One could say that genes do have an influence on how susceptible we are to developing breast cancer. Therefore, if you are at all worried, it is advisable to consult a specialist for reassurance in order to allay any fears.
Breast cancer is one of the most common types of cancer in women. It accounts for approximately one in every three cases of cancer and often occurs in slightly older women. Although it is often painless, one has to be aware of the silent situation that can manifest as a lumpy breast, small cysts or even a slight discharge from the nipple. Most tests nowadays are routinely carried out in a laboratory, where specialists can quickly establish whether there is any real cause for concern.
When a specialist examines the breasts and carries out tests, such as a mammogram (an x-ray of the breasts), in most cases there is nothing to worry about.
The question 'Can breast cancer be cured?' is often put to me. Although 'cure' is a big word, I am glad to say that I have seen many survivors and a lot of happy people who have been successfully treated using several different methods or remedies. Often women become panic-stricken when they discover some abnormality in their breasts, but the tremendous fears that they have are usually unnecessary. The vast majority of breast lumps, as I have said, are benign or harmless – that is a medical fact. Nevertheless, women should never ignore symptoms such as itching, swelling and other changes. The first thing is to keep calm, do something about it and, if there is something wrong, seek medical advice as soon as possible.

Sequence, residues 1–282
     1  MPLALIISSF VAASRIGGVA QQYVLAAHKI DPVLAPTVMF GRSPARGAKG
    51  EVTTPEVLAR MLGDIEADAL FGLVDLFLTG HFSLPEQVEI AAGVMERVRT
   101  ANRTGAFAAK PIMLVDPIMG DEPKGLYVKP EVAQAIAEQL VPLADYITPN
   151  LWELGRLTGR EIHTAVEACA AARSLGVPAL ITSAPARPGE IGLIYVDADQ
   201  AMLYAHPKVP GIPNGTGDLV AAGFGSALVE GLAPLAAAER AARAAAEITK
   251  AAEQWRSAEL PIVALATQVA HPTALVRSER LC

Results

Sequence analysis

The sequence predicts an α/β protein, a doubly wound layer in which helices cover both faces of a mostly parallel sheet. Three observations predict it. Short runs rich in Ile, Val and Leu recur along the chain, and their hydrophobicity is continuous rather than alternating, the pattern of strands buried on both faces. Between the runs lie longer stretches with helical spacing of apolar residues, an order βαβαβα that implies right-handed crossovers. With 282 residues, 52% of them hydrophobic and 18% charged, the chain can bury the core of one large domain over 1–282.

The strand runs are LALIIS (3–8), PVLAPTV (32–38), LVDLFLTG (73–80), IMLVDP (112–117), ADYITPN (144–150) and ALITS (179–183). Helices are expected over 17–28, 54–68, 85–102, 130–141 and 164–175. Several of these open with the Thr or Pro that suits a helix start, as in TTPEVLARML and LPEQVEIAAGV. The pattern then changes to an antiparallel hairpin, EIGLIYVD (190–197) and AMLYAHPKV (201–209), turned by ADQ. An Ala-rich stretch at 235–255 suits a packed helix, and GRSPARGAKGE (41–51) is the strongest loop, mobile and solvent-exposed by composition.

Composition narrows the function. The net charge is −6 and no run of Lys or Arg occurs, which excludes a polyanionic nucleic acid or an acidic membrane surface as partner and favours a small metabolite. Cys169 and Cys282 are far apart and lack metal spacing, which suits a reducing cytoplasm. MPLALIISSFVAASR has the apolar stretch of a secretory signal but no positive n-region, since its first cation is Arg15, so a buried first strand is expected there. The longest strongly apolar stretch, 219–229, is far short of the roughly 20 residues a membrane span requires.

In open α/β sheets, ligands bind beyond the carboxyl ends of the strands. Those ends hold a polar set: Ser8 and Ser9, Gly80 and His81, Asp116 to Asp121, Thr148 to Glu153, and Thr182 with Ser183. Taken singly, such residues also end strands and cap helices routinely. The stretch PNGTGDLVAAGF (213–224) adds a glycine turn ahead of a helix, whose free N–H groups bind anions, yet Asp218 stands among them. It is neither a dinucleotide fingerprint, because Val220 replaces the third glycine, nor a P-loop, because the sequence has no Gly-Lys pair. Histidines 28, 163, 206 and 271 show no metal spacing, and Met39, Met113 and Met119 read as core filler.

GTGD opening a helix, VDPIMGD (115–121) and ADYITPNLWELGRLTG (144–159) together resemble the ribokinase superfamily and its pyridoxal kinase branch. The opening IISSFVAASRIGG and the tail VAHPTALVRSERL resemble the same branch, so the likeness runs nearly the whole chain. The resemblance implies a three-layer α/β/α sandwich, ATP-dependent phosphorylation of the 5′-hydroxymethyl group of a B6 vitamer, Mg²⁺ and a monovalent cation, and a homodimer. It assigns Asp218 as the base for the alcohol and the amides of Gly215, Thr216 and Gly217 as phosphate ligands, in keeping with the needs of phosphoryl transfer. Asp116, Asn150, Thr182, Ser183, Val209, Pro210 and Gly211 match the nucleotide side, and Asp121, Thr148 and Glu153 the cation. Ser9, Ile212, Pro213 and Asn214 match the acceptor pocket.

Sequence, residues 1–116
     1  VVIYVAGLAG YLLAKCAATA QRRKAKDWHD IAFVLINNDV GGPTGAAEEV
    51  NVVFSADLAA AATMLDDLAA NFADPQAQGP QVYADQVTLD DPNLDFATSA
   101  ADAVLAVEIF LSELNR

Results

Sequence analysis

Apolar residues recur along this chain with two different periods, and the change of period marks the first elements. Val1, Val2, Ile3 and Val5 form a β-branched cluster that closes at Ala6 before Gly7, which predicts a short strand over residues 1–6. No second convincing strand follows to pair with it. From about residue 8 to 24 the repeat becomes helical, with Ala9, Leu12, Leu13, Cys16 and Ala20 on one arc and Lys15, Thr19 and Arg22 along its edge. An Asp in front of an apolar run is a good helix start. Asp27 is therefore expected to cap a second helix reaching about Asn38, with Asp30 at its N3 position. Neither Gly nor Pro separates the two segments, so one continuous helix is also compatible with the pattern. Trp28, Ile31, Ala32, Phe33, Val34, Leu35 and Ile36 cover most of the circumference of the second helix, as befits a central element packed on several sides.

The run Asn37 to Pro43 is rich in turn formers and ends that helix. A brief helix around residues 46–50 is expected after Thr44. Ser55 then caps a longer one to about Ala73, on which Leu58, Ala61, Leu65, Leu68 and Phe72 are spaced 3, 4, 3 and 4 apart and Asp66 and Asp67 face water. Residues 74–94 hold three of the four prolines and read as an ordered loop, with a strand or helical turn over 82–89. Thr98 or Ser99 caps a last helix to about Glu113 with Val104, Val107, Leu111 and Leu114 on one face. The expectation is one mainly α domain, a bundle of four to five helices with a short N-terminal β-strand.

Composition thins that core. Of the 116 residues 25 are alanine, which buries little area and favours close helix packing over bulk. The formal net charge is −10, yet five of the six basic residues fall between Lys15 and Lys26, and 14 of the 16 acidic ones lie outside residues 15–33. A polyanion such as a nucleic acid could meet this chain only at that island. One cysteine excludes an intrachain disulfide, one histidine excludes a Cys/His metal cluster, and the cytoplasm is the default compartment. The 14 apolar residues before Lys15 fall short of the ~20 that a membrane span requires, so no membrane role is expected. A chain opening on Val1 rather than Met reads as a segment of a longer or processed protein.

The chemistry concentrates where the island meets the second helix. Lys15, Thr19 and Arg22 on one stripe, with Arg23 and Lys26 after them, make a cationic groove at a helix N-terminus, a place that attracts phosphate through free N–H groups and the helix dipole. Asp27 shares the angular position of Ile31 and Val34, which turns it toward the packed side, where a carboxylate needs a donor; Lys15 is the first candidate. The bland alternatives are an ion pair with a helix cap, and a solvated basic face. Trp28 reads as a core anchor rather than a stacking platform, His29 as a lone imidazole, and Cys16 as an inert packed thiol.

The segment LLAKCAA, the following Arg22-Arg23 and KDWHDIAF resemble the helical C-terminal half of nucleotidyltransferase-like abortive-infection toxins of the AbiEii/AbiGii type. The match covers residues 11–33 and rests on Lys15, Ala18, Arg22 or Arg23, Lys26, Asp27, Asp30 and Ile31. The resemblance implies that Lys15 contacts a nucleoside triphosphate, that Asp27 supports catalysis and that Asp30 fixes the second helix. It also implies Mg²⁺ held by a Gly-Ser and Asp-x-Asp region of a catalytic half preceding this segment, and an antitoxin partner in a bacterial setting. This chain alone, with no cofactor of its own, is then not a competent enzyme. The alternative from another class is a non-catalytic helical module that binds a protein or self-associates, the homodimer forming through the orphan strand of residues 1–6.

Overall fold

One should be aware that everybody has abnormal cells present in their body and these are mainly no cause for concern. By undergoing the breast-screening programme, one has the opportunity to investigate any problems quickly and often control the situation. Self-examination is necessary in the first instance. It is better to be safe than sorry, but try not to become unduly alarmed.
My book Female Cancers includes further information and advice